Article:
An inflammatory blend of sex, war and the Internet have fired up anti-Japanese feeling in China after reports that hundreds of tourists from Tokyo held a two-day orgy with Chinese prostitutes on the eve of the anniversary of the Imperial Army's invasion of Manchuria in 1931.
According to the Communist Party newspaper, the People's Daily, 400 Japanese men were serviced by about 500 Chinese women at the five-star Zhuhai International Convention Center Hotel in Guangdong Province between Sept. 16 and 18.
They are said to have paid between 1,200 and 1,800 yuan each night -- more than double the rate for a single room at the plush hotel.
Police have ordered the closure of the hotel, which denies involvement in the orgy, while they look into the allegations.
"The police detained some suspects. We don't know if they include Japanese tourists," a police spokeswoman for the province of Guangdong said yesterday. "The case is under full investigation."
The Foreign Ministry spokesman dubbed the incident "odious," saying foreigners in China must abide by Chinese laws and urging the Japanese government to enhance education of its people, the official Xinhua news agency reported.
Exactly what happened is unclear. The only witness quoted in the local media told of Japanese men "flirting" with Chinese women in a lift.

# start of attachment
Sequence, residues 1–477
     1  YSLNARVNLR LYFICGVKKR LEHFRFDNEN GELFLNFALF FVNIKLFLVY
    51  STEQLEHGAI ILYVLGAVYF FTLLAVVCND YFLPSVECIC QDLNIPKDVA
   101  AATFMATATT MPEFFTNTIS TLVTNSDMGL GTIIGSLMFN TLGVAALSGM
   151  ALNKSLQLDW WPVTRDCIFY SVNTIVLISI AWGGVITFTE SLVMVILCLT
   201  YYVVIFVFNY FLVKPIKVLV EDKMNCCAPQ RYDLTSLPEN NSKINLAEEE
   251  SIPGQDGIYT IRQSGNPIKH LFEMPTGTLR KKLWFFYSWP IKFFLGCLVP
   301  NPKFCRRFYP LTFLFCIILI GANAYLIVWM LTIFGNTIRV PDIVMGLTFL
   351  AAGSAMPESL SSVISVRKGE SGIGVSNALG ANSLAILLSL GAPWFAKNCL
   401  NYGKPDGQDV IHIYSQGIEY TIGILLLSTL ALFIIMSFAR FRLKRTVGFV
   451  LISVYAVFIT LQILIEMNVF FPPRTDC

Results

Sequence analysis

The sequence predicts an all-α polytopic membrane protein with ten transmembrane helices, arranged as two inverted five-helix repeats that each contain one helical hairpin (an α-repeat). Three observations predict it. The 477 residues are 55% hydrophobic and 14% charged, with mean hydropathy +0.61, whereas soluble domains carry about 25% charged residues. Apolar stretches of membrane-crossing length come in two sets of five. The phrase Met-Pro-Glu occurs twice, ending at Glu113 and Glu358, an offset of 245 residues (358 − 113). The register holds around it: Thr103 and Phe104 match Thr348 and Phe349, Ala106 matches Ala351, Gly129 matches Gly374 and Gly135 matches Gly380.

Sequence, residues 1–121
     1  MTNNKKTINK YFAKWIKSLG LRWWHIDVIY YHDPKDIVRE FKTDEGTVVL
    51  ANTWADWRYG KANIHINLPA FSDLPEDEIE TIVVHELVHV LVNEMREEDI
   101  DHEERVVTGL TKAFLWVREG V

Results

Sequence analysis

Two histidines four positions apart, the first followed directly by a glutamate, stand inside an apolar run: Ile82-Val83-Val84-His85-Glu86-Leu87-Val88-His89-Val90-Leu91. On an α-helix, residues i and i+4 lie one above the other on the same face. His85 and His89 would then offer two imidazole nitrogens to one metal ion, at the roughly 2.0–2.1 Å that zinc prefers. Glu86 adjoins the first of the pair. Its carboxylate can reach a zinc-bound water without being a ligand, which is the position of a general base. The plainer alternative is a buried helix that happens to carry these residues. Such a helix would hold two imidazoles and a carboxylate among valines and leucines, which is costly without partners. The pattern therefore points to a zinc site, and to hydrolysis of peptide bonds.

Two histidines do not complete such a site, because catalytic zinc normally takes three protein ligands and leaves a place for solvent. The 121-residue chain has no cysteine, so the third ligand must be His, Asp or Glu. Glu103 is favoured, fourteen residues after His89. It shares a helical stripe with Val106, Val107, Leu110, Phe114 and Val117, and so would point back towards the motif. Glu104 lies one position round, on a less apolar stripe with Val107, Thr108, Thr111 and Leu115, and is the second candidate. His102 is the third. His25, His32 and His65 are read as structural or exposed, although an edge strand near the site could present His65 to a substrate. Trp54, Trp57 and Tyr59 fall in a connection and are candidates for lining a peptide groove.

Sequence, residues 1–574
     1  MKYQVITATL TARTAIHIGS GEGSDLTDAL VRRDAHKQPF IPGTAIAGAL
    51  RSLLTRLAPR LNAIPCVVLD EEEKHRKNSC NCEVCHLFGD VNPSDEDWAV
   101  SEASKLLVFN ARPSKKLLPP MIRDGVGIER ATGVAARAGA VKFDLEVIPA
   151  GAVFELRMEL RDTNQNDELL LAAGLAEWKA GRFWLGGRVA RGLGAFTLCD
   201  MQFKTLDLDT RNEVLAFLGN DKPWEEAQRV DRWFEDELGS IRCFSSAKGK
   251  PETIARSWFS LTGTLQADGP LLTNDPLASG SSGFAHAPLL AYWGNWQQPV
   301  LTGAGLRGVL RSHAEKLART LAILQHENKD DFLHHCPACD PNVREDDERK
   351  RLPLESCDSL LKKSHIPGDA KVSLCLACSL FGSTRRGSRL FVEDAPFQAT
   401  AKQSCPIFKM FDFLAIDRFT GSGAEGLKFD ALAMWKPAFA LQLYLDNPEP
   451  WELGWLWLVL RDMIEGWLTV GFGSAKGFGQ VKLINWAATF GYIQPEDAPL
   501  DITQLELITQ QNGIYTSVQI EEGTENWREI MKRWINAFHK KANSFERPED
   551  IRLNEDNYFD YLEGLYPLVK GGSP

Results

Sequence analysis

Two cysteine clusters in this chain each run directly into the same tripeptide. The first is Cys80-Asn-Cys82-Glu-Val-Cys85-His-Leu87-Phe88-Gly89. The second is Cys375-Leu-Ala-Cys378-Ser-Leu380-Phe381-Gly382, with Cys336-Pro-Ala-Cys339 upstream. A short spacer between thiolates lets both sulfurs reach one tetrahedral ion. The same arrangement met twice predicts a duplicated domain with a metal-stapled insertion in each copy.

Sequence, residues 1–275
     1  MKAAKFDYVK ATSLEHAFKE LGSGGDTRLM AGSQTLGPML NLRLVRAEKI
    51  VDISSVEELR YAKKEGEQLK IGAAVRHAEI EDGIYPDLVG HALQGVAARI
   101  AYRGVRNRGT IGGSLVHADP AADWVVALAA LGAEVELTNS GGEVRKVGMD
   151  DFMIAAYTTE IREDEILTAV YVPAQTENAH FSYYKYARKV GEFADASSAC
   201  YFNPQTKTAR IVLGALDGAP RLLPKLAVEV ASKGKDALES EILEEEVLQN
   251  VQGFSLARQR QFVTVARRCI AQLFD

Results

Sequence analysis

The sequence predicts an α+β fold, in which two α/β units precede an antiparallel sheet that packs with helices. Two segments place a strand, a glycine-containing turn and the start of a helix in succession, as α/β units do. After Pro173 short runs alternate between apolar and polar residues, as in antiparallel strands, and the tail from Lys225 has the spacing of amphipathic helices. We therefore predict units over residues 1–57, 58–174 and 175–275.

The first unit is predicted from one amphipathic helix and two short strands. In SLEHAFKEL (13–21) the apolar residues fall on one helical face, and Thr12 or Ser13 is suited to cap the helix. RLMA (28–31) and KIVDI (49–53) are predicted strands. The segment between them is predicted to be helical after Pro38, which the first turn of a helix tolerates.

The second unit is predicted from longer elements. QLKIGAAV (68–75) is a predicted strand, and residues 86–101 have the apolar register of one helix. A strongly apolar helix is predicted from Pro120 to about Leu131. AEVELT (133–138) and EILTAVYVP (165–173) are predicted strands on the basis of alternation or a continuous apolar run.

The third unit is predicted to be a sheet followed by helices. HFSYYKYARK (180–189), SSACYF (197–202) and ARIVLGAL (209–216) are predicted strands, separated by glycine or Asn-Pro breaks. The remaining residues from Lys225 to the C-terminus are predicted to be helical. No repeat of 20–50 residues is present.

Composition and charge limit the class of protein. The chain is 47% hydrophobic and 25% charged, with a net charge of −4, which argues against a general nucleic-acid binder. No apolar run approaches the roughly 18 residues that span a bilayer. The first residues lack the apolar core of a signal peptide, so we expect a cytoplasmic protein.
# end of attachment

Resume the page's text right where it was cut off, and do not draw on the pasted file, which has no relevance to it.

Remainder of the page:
Something racier is not inconceivable. But the details appear to matter less than the nationality of the alleged perpetrators and the timing of the incident.
In China, Sept. 18 is remembered as "the day of shame" -- the anniversary of the 1931 Mukden Incident, which led to the Japanese Imperial Army's invasion of Manchuria, the atrocities of the germ warfare unit and the use of Chinese sex slaves.
It is also a time when it is easy to stir up anti-Japanese sentiment. The strength of that feeling has already been made apparent on several occasions this year, most recently after the death of a Chinese laborer who uncovered a Japanese chemical weapon discarded after World War II.
Last month, a million people signed an online petition calling on the government not to pick a Japanese rail company to build the Shanghai to Beijing high-speed rail link.
Media reports of Japanese "sex rites" and "orgies" so close to such a sensitive date sparked outrage, especially on the Internet, where surfers said the "Japanese devils" wanted to celebrate their country's wartime behavior.
"The Japanese are animals. They deliberately selected the date to humiliate the Chinese people," one chatboard contributor wrote, claiming that the tourists had attempted to raise their national flag at the hotel.
Other Web surfers called the scandal a "national shame."
But on the bulletin board People's Daily Web site, a minority criticized the vast majority trying to politicize the case.
"The Zhuhai incident was obviously a matter of certain Japanese acting as private individuals," said a commentator named Wang Kean. "No matter what, nothing shows that the group in Zhuhai had any political intentions."